Parents of children undergoing treatment at the various hospitals across the country often experience hostility from medical personnel on claims that they interfered with clinical management of their little ones.
They are often excluded from their children’s treatment journey and only watch from the side-line.
A new study however challenges this exclusion approach and urges hospitals to incorporate parents in the management of their sick children so as to hasten their recovery process.
The research published in the Lancet Child and Adolescent Health journal found that actively involving parents in the care of their newborns – from feeding, giving oral medicine, taking their temperature, to participating in ward rounds – improves the wellbeing of premature babies in intensive care units (ICU).
Compared to neonates (babies less than a month old) given standard or normal care, the research revealed that premature infants who benefitted from an integrated family care programme had improved weight gain and better breast feeding rates which usually expedites recovery processes.
Their parents also suffered from less stress and anxiety levels which enabled them to have an improved connection or bond with their sick babies. This is important for boosting children’s immunity and keeping them calm since infants can easily pick negative ‘vibes’ from parents and end up being more sick.
Dr Karel O’Brien, lead author of the study noted that all these positive effects — weight gain, breast-feeding and reduced parental stress — are also associated with positive brain development outcomes in children.
“This suggests that integrating parents into the care of infants at this early stage could potentially have longer-term benefits.”
The international research trial was conducted in different hospitals in Canada, Australia and New Zealand. It involved close to 2,000 children who had been born prematurely (at 33 weeks or earlier) and were thus admitted at ICUs in selected health facilities.
The hospitals that offered integrated family care services provided families with free parking, a rest place and sleeping room intended for their use only.
They also had comfortable reclining chairs situated next to their sick child as well as access to nurses that offered them adequate training in offering the required health services to their babies.
The parents committed to spending at least six hours daily, five days a week, at their ill babies bedside.
They delivered tasks such as bathing, feeding, and dressing. They also changed diapers, checked body temperatures and gave oral medication to their kids.
In addition, they were encouraged to take part in clinical decisions, attend ward rounds as well as chart their infants’ growth and progress.
However, parents were also informed of tasks they could not perform, such as adjusting oxygen levels.
“Parents are too often perceived as visitors to the ICU. But our findings challenge this approach and show that helping them assume the role of primary caregivers to their sick infants as soon as possible has benefits for both of them,” said Dr O’Brien, who is also a neonatologist from the Paediatrics department at Sinai Health System in Toronto, Canada.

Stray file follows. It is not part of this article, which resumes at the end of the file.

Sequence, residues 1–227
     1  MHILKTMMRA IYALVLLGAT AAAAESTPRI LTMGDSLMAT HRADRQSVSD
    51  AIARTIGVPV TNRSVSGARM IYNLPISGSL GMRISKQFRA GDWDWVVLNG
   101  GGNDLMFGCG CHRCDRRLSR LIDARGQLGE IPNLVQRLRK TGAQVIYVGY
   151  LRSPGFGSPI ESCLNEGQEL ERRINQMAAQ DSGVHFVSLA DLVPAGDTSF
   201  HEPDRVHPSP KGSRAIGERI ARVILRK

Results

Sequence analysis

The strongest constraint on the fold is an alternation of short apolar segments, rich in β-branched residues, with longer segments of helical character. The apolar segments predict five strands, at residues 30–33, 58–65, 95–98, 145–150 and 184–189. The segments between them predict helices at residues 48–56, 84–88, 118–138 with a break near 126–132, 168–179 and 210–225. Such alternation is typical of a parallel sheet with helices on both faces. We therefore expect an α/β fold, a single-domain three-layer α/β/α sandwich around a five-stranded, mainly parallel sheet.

According to Dr John Wachira, paediatrician at Gertrude’s Children’s Hospital, involving parents in the care of their sick children is a best practise that should be encouraged in all hospitals. “So far, only a few hospitals in Kenya have adopted this new approach. But we would like it to be widespread so as to increase survival rates of sick children.”
The Kenya Demographic and Health Survey (2014) indicates that the country has a high infant mortality rate of approximately 39 deaths per 1,000 live births. This shows that about one in every 26 Kenyan children die before celebrating their first birthday.
Dr Wachira said that new initiatives such as parental involvement in the management of sick children can play a key role in reducing the deaths.
He noted that kids, especially the much younger ones, have a special bond with their parents and are thus likely to respond well to their care as opposed to services offered by clinicians who they will view as strangers.
“For instance, babies are used to their mothers feeding them. So they are more likely to co-operate and not create a fuss if they are receiving oral medicine through them.”
“They may reject the touch of strangers in hospital settings but will not have an issue with their temperatures being taken by their parents.”
In addition, Dr Wachira said that when parents are trained on how to offer certain health services to their children while in hospital, they are well prepared to do them after being discharged from hospital.
“This helps with drug adherence and effective management of certain conditions such as proper administration of ORS (Oral rehydration therapy) to prevent dehydration caused by diarrhoea as well as appropriate use of inhalers in children with asthma.”
He added: “The parents will also feel better knowing that they are doing something to contribute to the wellbeing of their sick children instead of watching helplessly from the side lines and dying of fear and uncertainty.”